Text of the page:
Bottom Line: Join the Club

Lots of ways to use golf for special business events

Mark Twain once said, “The difference between the right word and the almost-right word is the difference between lightning and a lightning bug.” He could have easily used the words “golf” and “business golf” instead because using golf for business purposes—especially in a time-restricted setting such as a corporate or an association meeting—often takes place in areas other than the golf course, and many of the activities bear little resemblance to the traditional game. But these business-golf activities are excellent for creating social interaction and team building among all attendees, even those who have never held a golf club before.

Walter Galanty, president of AIM Meetings in Alexandria, Virginia, finds that younger meeting attendees, in particular, “want to do activities that take less time than traditional golf, and do them with more people than just the few they would go around with on a golf course.”

Confirmation of this trend comes from the surging popularity of entertainment outlets known as Topgolf. With locations in 20 cities across the Southeast, Midwest and West, plus at least eight more scheduled to open this year, Topgolf applies the social and atmospheric elements of “midnight bowling” to hitting golf balls.

Topgolf Resembles Bowling

Topgolf facilities offer climate-controlled couch seating, HD TVs, piped-in music, and food and beverage service at all playing stations, which accommodate 10 people each. Players take turns hitting microchip-implanted golf balls to a large field with lighted targets. The distance and accuracy of each shot is tracked, with points awarded. For meetings at hotels with no golf amenities, nearby Topgolf facilities can provide an active yet comfortable social event.

At meeting properties that do have golf amenities, planners can use the practice areas rather than the golf course itself for a variety of no-skill-necessary golf activities. These lighthearted games allow golfers and non-golfers to interact throughout the event, eliminating the hesitation some attendees might have about participating.

For instance, at PGA National Resort & Spa in Palm Beach Gardens, Florida, a putting green is located just outside the doors of the meeting space so groups can play nine holes of mini-golf after a day of sessions, or even during a break between sessions.

A resort’s golf staff needs nothing more than a ball of string to frame out a series of holes, although some will also use potted plants and other landscape elements to make the mini-golf course more interesting. Attendees can pair up and play as a team, all while enjoying refreshments from the food and beverage stations set on the perimeter.

Station Breaks

At Pine Needles Lodge & Golf Club in Southern Pines, North Carolina, meeting groups can engage in a “Carnival of Golf” that uses not just mini-golf, but also other activities set on the adjacent driving range and a few short practice holes.

On one side of the range, novice golfers can take a 15-minute lesson from an instructor to learn the proper swing; on the other side, experienced golfers can engage in target-hitting contests for prizes. And right in the middle of the range is a station for everyone to compete in a long-drive contest that uses frozen marshmallows instead of golf balls.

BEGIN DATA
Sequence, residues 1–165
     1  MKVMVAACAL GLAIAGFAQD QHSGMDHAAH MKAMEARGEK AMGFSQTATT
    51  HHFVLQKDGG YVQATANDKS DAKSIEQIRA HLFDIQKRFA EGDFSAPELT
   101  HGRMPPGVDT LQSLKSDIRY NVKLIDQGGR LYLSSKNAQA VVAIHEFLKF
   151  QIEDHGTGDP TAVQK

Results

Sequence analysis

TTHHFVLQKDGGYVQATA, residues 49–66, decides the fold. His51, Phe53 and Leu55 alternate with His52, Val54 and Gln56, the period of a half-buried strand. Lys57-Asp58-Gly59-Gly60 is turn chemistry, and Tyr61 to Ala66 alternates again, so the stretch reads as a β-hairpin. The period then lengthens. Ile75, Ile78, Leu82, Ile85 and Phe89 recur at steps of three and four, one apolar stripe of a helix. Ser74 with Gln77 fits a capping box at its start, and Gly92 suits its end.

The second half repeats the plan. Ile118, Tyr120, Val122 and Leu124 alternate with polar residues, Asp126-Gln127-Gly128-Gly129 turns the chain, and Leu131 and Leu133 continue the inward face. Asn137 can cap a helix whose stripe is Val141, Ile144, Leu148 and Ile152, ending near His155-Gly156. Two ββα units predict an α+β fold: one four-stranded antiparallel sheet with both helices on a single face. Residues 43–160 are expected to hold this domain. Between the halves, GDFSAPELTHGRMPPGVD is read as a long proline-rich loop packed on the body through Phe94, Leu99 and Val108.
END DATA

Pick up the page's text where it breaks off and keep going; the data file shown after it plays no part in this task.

Attendees who want a 40-minute golf-course experience can play the resort’s four shortest holes which, along with the practice green and range, are lighted to allow for evening play. Food and beverage areas are set around the three connected activity areas.

The staff at Eaglewood Resort & Spa in Itasca, Illinois, use paper bags with candles inside to line the three holes of the regular golf course that either start or finish right next to the golf clubhouse. Then, using glow-in-the-dark golf balls, groups of up to eight can play those three holes with only the light from the candles as a guide to the green. The flagstick that identifies the hole on each green is self-illuminating as well, giving players their aiming point.

Recently, Eaglewood’s golf shop purchased several black lights and other colored lights that can be used in addition to or instead of paper bags and candles; these provide an otherworldly atmosphere as participants spend about 45 minutes playing and walking the three golf holes—and stopping at the food and beverage stations set up at the start of each hole. In colder months, Eaglewood will use the new lights to conduct mini-golf competitions inside the ballroom, with the overhead lights turned off and music playing.

Get Your Kicks

For groups that might want to use a few holes of a golf course for a relaxed activity that does not involve swinging a club, there’s good news: Soccer balls can substitute for golf balls. Players simply kick the ball down the fairway and then onto the green, where hula hoops serve as the holes.

Before meeting planners begin working with a conference-services manager to organize team building or social activities, they should present some of their business-golf possibilities to a cross-section of attendees to get feedback.

“Millennials aren’t as big on playing traditional golf as other generations, but they aren’t sedentary either,” Galanty says. “So in addition to the attendees who play golf, they’d probably love these kinds of ideas.”

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